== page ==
This would be somewhat fine, and slightly normal. Had it stopped. But after the Holidays I didn’t stop. I’d grab a candy bar (or two) every stop to get gas, find ways to just *happen* to pass by my favorite bakery on the way home. Summer came, it was time for ice cream stands, cold beers (nothing packs on the pounds quicker I’ve found). You get the idea.

Anyhow this sadly went on for about 18 months on and off until last September. Here are the things that helped me turn it around, and maybe they will help you;

  • Now I stand and work 75% of the day. No I don’t have a fancy “standing desk” I just stand at a filing cabinet with a surface big enough for my laptop and some notebooks. If you don’t have one of those standing desks, I encourage anyone to even just get up and walk around every 30-60 minutes, or find somewhere you can stand and work even just for an hour each day.
  • Back on a “diet”. I hate that word “diet”. I’m someone that believes not any one diet is good or bad. There are SO many variables – your genetics, geography, climate, lifestyle, metabolism. The one that works for me is Tim Ferriss’ slow carb diet (this is in fact how I ate before my 18 month binge). It’s basically 6 days of strictly no wheat/gluten, no sugar, no alchohol (except red wine) limited dairy etc – and one “off” day where you can stuff yourself until your eyes pop out of your head.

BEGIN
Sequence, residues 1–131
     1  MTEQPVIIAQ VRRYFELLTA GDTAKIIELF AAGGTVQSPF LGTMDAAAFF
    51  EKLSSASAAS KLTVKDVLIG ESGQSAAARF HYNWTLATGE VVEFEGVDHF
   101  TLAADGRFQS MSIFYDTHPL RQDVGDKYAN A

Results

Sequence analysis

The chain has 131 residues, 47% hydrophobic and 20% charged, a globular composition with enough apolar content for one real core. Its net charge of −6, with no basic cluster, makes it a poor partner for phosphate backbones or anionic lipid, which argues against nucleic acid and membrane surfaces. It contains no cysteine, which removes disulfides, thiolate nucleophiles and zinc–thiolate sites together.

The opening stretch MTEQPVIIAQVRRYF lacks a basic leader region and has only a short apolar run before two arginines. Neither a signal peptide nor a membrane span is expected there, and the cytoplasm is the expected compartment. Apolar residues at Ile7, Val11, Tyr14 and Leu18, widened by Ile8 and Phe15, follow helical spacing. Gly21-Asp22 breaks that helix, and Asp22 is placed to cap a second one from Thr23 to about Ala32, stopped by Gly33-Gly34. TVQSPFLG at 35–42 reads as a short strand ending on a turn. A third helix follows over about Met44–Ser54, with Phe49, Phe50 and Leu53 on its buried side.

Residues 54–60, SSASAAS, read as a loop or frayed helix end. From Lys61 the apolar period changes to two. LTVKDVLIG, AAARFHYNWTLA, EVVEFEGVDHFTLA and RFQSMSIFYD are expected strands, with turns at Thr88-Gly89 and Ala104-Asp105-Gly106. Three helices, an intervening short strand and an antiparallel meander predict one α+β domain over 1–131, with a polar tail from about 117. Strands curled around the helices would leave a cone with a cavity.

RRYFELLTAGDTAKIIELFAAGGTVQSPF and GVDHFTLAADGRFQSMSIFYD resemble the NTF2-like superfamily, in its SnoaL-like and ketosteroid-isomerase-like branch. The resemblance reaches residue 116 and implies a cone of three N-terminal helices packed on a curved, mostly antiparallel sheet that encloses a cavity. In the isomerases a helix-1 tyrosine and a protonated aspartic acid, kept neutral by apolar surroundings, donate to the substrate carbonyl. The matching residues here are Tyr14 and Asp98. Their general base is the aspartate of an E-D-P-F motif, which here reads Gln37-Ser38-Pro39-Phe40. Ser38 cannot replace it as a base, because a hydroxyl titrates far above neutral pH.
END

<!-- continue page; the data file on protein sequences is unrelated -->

Worst Moment #2 – Client Dropped Me With One Day’s Notice

Behold the following email;

Now there are many things “between the lines” here that you may not pick up without having been in the situation. Some facts;

  • This was a $2,500/mth contract
  • The contract had just been upgraded (we had gotten a raise) one month prior and we both signed on the dotted line. Myself and another SEO (who I won’t name) had just drafted a full SEO plan for this company and wrote to them asking for an increase in retainer due to expanding workload. The company kept him and dropped me.
  • This was literally ONE day before payment was due for September which was just about to start.

But having to swallow my own pride here, I have to acknowledge where I could have gone wrong (although I will always see this move as a bit shady on their part – that’s another story!);